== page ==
The first thing to note is that a vaccine mandate, even if ill-advised in some cases, is not per se or intrinsically immoral. Most Catholics acknowledge this in the case of other vaccines. For example, few complain about the fact that schools have long required measles, mumps, and rubella vaccines as a condition for attendance. Whether or not it is a good idea for a school, a government, a business corporation, or any other authority to impose some particular vaccine mandate is a matter of prudential judgment. Hence, the Covid-19 vaccine mandates cannot reasonably be objected to simply on the grounds that they are mandates. A reasonable objection would have to be based instead on the judgment that they involve a failure of prudence.
But how prudent or imprudent a policy is is a matter of degree. A certain tax policy, for example, might be extremely wise, merely defensible, merely ill-advised, outright foolish, or extremely foolish. The same thing can be true of a vaccine mandate. In my opinion, Covid-19 vaccine mandates of the kind now in play in California are somewhere between ill-advised and foolish. For one thing, I do not believe it has been shown that such mandates (as opposed to voluntary compliance) are necessary in order effectively to deal with the virus. That suffices to make them a bad idea, because imposing a vaccine mandate is a significant enough infringement on personal liberty that the authority imposing it faces a high burden of proof.
For another thing, when citizens are highly polarized about some policy that has merely prudential considerations in its favor, that is itself a serious reason for a public authority not to impose it, especially if the skeptical part of the population is already distrustful of the authority and sees the policy (whether correctly or not) as a crisis of conscience. This is just basic statesmanship. When polarization and distrust are already very high, the aim should be to reduce them, and to try as far as possible to accommodate those who have reservations. Heavy-handed policies like vaccine mandates will inevitably have the opposite effect.
What we’re dealing with now is something very different. It’s an assault on science; it’s an assault on reality; it’s an attempt not to defend trans people but to cynically use them as pawns in a broader effort to dismantle the concept of binary sex altogether, to remove any distinctions between men and women, so that a gender-free utopia/dystopia can be forced into being.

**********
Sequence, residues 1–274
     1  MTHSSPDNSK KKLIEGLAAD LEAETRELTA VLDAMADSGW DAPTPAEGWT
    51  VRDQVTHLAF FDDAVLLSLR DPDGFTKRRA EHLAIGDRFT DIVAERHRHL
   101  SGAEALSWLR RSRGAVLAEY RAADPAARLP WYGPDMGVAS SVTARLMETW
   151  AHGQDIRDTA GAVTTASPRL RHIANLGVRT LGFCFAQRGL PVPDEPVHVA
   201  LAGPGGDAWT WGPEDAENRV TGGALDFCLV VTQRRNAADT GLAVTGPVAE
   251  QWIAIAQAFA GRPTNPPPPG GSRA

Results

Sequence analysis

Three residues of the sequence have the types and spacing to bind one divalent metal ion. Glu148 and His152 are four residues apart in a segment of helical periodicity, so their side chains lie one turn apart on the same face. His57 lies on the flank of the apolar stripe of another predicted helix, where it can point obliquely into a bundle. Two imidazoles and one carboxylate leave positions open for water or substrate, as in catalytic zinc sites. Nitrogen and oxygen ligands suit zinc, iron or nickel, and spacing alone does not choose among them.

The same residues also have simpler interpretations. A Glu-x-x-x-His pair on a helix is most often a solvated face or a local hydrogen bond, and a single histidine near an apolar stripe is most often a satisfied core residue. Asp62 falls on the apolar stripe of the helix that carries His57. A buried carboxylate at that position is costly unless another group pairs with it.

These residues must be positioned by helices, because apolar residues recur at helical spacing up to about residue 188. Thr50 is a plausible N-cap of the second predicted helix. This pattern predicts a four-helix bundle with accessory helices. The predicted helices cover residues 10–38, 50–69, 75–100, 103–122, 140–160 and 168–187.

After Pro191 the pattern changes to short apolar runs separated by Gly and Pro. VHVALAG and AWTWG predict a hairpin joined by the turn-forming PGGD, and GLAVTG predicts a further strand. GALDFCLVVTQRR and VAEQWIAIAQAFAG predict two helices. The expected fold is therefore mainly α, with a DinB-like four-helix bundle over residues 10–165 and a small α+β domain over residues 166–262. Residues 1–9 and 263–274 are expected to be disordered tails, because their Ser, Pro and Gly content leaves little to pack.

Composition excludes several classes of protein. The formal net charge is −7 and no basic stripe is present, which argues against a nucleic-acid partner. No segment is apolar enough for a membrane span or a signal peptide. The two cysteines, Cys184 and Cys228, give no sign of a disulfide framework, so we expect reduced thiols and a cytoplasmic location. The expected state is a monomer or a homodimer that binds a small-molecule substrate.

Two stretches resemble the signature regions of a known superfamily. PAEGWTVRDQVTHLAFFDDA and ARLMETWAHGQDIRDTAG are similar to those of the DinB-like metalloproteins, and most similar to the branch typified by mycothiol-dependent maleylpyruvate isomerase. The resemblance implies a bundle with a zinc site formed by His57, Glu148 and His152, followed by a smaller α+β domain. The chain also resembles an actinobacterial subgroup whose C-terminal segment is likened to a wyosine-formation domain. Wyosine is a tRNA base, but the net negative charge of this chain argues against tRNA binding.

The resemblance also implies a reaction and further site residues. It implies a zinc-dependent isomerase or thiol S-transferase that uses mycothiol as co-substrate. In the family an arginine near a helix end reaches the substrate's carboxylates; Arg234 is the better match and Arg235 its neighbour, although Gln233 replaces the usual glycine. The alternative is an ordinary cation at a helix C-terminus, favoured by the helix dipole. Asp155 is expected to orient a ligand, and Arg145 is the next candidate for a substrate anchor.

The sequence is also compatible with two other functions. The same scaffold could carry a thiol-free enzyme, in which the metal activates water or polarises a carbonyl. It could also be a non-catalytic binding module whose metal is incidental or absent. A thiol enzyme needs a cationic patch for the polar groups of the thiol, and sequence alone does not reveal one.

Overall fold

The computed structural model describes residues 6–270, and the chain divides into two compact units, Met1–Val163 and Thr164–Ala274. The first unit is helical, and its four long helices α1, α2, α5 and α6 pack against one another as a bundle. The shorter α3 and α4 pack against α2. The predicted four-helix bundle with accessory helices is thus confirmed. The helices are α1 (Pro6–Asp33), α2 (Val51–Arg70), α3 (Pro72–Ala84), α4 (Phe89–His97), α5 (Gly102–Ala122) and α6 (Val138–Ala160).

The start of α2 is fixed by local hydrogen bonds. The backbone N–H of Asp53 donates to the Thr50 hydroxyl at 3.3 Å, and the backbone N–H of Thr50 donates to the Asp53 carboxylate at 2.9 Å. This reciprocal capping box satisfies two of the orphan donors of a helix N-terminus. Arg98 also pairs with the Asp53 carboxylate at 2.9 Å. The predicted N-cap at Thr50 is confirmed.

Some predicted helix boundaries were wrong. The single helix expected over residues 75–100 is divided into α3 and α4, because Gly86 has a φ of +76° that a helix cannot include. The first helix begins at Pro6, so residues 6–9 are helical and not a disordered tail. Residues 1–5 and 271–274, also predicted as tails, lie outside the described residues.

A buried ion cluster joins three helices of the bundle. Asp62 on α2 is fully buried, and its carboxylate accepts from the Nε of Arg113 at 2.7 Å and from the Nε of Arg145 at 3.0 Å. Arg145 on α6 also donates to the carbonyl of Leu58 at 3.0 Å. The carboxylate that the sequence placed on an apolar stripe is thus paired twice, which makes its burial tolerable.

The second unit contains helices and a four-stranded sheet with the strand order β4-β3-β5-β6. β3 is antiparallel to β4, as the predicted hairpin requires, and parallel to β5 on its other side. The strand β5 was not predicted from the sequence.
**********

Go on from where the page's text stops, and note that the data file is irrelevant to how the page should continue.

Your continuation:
The use of trans people in this way follows a pattern. The woke left uses gay people in the same way: calling all of us “queer” to ensure our continued marginalization, merging us into postmodern categories like “LGBTQIA+” to deny our distinctive human experiences, erasing gay men and lesbians whose politics are not far-left and whose lives are not much different than our straight friends, describing gay men who are attracted to the same sex and not always the same gender as transphobes, literally falsifying history and re-making the English language to make it conform to their ideology.
The weapons deployed in pursuit of this fantasy are those that are always used by those seeking to impose utopia on free people: the brutal hounding of dissent, the capture and control of every single cultural institution, the indoctrination of the young, cancellations, bullying. The costs are mounting. Across the West, people are being fired, targeted, prosecuted, even jailed, for stating biological facts. Children are being medicated with off-label drugs — “puberty blockers” — that can permanently sterilize them, arrest their neurological and mental development, and deprive them of the ability as adults to experience an orgasm.
… the current tendency toward the politicization of every aspect of social life, including even sports and entertainment, is evil. And it would remain evil even if the political causes in question were themselves good (as, these days, they typically are not). You cannot have the fellow-feeling required for a society to hold together without some area of life in which disputes are put on hold, tensions are eased, and common goods are enjoyed. In American life, sports, popular culture, holidays, and the like have long performed that function, especially as the country has gotten more secular. But as “wokeness” has extended its tentacles into even these areas of life, there is little if anything left to do the job.
… sincere activism and playacting, out of a desire to join the civil rights struggle in a time when the problems are so much more abstract than they once were.
The true fault here lies with the school’s administration, whose deer tails popped up as they bolted into the forest, out of a fear of going against the commandments of what we today call antiracism, which apparently includes treating Black people as simpletons and thinking of it as reckoning.